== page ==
Jun 19, 2019 - Judge’s Distribution and Franchise Rulings from the Front Lines by |

Crux of Court’s Decision (Not including any subsequent appeals): Tim Hortons prevailed on its preliminary injunction motion terminating its restaurant franchisees. The franchisor was entitled to a preliminary injunction terminating the franchisees because the franchisees refused to pay fees owed to the franchisor. June 17, 2019 Name of Court: United States District Court for the Southern District of Florida Short Case Name: Tim Hortons v. Tims Milner Short Factual Background and Parties: Plaintiff is the franchisor of the Tim Hortons brand and franchises restaurants throughout the United States. In 2016, Defendants and Plaintiff and its affiliate Tim Donuts U.S. Limited, Inc. (hereafter, “Plaintiff’s Affiliate”) entered into Franchise Agreements and Lease Agreements (together, the “Agreements”) that provided for Defendants’ ownership and operation of franchised Tim Hortons restaurants at seven locations in Michigan (the “Restaurants”). Each of the Franchise Agreements grants Defendants the right to operate one Tim Hortons restaurant in a specific location and to use the Tim Hortons trademarks. Defendants, however, maintain that they reached a verbal agreement with two employees of Plaintiff prior to execution of the Agreements, that they are only required to pay rent based on a flat percentage of gross sales, and are not required to pay as additional rent all real estate taxes and assessments, sales taxes, common area maintenance charges and assessments, certain utilities, and personal property taxes (together, the “Additional Rent Amounts”) On or about June 19, 2018, Defendants entered into an Asset Purchase Agreement with Kava, for the sale of the Restaurants […]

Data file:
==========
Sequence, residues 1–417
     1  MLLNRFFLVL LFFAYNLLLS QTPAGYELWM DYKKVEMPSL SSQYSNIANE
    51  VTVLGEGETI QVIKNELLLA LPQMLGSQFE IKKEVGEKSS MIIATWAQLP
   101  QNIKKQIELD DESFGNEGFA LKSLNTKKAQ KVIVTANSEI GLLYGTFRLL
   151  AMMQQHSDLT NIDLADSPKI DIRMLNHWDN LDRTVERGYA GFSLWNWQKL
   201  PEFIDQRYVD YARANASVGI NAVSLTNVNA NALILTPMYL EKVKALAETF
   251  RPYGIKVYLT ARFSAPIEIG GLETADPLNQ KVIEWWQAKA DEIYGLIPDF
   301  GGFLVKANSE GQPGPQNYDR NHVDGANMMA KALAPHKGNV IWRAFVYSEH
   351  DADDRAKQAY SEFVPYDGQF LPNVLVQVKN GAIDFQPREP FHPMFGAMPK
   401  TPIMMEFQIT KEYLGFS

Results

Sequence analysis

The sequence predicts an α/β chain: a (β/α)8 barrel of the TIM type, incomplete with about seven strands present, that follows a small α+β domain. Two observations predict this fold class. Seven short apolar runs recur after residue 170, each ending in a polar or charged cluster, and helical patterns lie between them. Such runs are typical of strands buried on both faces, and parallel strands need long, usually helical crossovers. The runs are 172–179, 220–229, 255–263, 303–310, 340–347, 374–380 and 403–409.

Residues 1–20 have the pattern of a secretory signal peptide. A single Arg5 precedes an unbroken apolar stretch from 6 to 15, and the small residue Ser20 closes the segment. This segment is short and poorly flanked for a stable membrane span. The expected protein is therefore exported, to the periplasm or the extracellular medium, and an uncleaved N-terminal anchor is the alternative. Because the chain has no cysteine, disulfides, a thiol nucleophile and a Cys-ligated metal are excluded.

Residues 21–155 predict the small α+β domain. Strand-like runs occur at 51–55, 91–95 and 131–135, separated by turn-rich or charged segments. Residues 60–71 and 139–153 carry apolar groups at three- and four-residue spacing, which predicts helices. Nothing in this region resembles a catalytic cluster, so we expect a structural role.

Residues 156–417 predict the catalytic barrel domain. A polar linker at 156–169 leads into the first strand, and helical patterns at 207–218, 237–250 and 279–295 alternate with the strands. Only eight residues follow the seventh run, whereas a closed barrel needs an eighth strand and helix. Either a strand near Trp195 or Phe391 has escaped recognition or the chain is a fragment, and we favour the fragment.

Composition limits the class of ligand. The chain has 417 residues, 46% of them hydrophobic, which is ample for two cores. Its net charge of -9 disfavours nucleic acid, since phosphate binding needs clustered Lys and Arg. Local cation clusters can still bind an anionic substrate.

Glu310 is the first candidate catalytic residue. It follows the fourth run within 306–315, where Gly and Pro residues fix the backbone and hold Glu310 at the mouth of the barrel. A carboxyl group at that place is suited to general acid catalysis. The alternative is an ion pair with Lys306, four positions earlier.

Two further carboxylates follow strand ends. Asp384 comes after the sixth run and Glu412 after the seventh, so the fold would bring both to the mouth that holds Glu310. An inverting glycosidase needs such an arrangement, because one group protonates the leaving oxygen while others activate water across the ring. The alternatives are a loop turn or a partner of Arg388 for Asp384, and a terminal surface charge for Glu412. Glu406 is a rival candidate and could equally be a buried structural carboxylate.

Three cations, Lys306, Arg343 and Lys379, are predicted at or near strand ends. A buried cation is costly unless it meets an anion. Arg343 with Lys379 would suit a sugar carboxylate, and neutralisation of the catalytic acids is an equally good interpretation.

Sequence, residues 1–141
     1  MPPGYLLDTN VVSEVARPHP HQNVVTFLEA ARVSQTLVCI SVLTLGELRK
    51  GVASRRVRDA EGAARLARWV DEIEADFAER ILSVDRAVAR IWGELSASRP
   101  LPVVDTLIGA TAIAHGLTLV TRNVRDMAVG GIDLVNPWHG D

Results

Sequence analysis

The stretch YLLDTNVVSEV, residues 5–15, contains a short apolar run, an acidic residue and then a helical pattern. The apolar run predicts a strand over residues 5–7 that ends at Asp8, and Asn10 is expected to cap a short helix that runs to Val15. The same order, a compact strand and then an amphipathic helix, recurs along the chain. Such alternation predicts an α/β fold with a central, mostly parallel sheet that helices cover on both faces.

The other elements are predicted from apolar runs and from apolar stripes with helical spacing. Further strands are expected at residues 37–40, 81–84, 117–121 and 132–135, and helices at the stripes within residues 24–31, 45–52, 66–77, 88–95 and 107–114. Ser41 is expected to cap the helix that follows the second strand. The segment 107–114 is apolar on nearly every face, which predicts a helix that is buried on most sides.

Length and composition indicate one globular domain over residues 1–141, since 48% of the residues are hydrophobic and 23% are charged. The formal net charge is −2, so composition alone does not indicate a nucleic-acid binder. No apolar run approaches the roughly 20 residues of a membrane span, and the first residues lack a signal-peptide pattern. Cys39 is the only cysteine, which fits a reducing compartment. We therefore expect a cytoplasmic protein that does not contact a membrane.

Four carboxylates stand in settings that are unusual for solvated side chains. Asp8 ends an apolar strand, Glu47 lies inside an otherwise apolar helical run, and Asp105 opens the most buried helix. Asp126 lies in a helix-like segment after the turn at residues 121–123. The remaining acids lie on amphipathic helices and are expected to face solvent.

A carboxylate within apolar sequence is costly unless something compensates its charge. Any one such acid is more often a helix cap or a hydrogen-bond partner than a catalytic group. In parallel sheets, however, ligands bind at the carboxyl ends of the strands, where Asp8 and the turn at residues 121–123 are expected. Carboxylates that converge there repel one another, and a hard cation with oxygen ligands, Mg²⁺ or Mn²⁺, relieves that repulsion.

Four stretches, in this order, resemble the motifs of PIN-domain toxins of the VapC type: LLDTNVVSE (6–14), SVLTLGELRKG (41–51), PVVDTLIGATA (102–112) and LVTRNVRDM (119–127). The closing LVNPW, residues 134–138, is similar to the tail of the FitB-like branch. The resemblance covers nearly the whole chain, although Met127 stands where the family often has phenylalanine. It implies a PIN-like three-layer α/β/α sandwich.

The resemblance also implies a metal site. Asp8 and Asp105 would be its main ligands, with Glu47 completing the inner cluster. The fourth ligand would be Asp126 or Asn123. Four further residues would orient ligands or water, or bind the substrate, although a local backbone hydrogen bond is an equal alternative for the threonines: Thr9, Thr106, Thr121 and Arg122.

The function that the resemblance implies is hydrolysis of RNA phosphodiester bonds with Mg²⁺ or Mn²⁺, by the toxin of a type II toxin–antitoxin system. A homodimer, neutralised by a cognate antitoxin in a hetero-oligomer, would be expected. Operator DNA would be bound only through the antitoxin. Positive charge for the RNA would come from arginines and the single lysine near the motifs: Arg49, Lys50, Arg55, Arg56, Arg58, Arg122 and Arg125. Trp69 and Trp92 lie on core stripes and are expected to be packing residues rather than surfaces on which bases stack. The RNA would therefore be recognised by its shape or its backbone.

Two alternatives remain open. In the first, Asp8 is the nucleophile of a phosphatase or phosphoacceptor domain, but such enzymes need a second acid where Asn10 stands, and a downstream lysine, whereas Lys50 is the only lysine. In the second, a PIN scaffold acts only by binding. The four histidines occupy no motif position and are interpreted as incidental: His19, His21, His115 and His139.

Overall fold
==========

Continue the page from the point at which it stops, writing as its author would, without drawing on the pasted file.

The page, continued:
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Court Refuses to Dismiss Dealer’s Claims that Teamsters Converted Dealer’s Territory